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3 Common Sewing Machine Problems (and How to Fix Them)

Bunching thread? Breaking needles? Skipping stitches? It happens to the best of us. We consulted Becky Hanson of Singer Sewing Company for her tips on keeping your sewing experience positively seamless.

When you're learning a new skill, a mistake or two is inevitable; it's all part of the learning curve. But even a skilled seamstress can fall victim to the dreaded skipped stitch or broken needle, or what's possibly the most annoying of all sewing machine headaches: thread bunching. When you hear that agitated whirring from your machine -- cue the internal "ugh" of despair -- consider that to be your distress signal.

 

The details may vary a little depending on the make and model of your sewing machine -- so we suggest that you get familiar with the mechanics of your machine -- but the fundamentals are the same. Whether you're a seamless pro or a novice with needles, we have the no-sweat solutions for your most annoying issues.

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Photography by: Bryan Gardner

The Problem: The thread is bunching under the fabric.

 

The Solution: You can have a perfectly straight stitch on the top, but a "bird's nest" forming on the bottom. So why the inconsistency? People tend to think that the bobbin is to blame; in fact, this couldn't be farther from the truth. The thread is snarling -- usually, under the fabric -- because there is no tension on the upper thread. Seems counterintuitive, right?

 

Still, here's what to do: First, raise the presser foot lifter and rethread the machine. This opens up the tension mechanism to receive the thread. Second, you will need to raise the take-up lever and needle to the highest position according to your machine's manual. This should help to confirm you have the right tension.

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The Problem: Stitches are coming out uneven or skipping entirely.

 

The Solution: Odds are, the secret culprit here is a needle that is broken, bent, or otherwise damaged. Experts recommend that you replace your needles for every 16 hours of stitching time.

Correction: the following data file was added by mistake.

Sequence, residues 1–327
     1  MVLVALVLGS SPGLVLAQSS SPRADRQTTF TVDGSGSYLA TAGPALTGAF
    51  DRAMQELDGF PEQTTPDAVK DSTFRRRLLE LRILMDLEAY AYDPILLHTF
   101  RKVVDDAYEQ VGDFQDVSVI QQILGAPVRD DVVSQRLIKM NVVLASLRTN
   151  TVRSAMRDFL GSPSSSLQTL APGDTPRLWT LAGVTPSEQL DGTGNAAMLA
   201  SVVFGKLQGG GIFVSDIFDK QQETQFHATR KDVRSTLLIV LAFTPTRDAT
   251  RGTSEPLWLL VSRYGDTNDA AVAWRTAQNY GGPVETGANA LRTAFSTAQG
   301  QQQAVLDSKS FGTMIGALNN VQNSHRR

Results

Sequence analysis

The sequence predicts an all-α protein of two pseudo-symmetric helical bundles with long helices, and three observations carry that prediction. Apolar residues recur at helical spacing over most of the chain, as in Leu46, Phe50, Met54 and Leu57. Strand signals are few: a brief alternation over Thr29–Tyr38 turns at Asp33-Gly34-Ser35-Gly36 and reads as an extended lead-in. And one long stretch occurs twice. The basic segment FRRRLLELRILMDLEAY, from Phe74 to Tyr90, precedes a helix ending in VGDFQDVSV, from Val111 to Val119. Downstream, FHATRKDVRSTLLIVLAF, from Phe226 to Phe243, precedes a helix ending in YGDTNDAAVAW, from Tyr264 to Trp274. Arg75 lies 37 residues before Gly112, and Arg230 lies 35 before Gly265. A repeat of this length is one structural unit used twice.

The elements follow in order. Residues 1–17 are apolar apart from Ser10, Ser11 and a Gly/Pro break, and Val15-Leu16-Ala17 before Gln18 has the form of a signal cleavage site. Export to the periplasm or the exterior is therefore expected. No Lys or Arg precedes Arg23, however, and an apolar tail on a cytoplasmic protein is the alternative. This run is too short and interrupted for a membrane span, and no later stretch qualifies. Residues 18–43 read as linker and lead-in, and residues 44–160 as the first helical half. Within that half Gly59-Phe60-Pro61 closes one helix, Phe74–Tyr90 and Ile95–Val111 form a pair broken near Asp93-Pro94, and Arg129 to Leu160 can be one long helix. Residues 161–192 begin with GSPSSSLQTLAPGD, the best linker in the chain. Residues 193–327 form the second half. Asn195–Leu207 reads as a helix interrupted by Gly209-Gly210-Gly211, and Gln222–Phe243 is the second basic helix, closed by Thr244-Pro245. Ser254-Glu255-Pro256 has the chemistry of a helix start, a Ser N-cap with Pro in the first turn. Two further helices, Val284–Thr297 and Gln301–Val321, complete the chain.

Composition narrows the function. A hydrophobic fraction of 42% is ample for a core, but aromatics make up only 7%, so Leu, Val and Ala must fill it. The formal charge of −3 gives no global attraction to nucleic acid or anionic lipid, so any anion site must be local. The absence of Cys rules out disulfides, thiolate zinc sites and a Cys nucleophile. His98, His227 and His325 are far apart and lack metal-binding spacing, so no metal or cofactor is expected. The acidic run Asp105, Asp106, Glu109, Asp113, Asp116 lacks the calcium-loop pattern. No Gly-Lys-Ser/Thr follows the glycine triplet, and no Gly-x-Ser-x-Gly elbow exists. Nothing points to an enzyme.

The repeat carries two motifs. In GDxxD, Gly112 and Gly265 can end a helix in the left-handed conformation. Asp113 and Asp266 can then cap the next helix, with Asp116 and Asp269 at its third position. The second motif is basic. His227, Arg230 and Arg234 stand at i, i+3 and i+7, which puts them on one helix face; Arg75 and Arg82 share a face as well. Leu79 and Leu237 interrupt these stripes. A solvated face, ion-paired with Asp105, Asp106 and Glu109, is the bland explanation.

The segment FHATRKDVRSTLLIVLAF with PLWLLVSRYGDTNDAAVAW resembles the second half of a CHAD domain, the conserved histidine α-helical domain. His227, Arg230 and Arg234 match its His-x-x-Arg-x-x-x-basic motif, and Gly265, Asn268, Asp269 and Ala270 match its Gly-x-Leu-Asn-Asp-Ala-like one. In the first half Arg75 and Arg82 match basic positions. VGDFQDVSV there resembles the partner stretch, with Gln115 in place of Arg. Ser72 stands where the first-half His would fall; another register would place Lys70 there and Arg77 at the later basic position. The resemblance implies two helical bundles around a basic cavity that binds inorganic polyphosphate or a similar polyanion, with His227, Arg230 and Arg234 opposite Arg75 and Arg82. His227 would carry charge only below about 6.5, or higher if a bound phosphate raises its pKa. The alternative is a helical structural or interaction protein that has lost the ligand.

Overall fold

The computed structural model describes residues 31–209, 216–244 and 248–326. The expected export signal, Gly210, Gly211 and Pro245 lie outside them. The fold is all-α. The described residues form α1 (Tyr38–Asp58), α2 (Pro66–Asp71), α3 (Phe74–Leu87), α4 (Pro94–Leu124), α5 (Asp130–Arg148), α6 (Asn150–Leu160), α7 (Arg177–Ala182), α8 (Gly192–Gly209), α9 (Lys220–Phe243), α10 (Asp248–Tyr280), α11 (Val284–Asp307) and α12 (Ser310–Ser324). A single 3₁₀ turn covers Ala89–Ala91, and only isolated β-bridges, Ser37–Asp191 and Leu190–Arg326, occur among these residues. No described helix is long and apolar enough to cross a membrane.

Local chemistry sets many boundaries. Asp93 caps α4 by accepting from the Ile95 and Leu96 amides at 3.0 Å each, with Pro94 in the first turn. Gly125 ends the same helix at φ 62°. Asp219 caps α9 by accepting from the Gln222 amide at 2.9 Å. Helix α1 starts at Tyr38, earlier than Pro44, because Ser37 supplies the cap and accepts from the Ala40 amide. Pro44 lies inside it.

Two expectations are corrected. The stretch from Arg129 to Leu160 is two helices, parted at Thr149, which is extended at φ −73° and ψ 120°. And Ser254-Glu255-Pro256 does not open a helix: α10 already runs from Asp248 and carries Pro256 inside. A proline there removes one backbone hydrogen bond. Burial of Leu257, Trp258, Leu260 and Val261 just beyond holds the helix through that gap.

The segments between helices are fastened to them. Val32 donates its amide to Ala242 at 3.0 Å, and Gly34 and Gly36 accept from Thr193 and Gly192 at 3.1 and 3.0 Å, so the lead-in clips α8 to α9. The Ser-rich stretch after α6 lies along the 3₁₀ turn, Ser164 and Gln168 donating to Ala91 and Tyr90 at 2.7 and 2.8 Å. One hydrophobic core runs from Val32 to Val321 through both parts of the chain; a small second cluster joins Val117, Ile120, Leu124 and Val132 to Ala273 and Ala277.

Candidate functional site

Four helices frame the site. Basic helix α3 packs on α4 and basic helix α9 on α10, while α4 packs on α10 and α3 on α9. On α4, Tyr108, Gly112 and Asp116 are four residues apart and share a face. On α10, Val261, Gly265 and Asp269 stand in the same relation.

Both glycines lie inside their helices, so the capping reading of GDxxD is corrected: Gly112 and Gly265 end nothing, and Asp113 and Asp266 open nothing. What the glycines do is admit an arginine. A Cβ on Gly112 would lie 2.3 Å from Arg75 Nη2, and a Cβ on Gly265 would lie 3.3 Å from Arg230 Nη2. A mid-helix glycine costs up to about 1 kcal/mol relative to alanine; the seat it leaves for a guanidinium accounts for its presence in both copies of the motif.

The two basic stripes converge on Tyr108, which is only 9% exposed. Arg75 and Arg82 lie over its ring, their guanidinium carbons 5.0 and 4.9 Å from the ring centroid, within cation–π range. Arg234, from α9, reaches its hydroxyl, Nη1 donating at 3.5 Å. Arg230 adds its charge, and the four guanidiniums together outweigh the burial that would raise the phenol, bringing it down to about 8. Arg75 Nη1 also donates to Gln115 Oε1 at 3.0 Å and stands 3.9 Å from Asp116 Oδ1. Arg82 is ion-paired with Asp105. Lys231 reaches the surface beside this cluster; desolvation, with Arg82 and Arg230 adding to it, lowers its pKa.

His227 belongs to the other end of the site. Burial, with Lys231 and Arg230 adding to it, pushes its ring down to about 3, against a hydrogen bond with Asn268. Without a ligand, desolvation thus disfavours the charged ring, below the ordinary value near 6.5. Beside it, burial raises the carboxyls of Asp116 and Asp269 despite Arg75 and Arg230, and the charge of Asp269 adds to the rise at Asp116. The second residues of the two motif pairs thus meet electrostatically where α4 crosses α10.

Another possibility is how you handle the fabric whilst sewing. If you have the tendency -- and many of us do -- of pulling the fabric from behind to make it go through the machine, the practice can result in unclean stitching and can even break your machine. This kind of force-feeding of the fabric works against the feed dogs (the metal teethlike ridges that grip the bottom of the fabric, coaxing it to move away from the needle as stitches are sewn). Work with the machine -- don't force it.

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The Problem: The needle keeps breaking.

 

The Solution: This boils down to a single follow-up question, "Are you using the right needle?" Going up or down to the appropriately-numbered size can make a huge difference. Needles are sized from 8 to 18, depending on their use. A size 9 or 11 works best for delicate, lightweight fabrics like chiffon, silk, and organza. A size 14 works best for medium-weight fabrics like flannel, linen, and synthetic suedes. And a size 16 (or preferably) 18 is reserved for heavy-weight fabrics like denim. Therefore, using a size 9 needle on denim will inevitably break the needle. Additionally, are you using the right type -- that is, ball point, regular point or wedge point? For reference, you can check a full size chart here.

Still having issues? This three-step checklist can easily solve most machine mishaps. 

 

1. Clean it out: When was the last time you did a thorough top-to-bottom wipe-down of your machine? Dust and lint can quietly and quickly accumulate in the bobbin area and tension assembly, so have your machine professionally serviced regularly. If you use it daily, a weekly cleaning is needed. For weekly use only, clean it once a month. And for occasional monthly use, clean it every three months.

 

2. Rethread your machine: Yes, even the slightest bump can affect your stitching. Check your bobbin, needle, and thread to make sure eveything is in the right place.

 

3. Check your needle and thread: As we already mentioned, using the right size and type of needle is imperative. Additionally, you should use high-quality thread -- it will have a nice, smooth filament and not be "fuzzy" or uneven in thickness. Thread does have a shelf-life -- although different types age differently -- so keep your collection of spools in rotation and stored properly (out of humidity and direct sunlight).  

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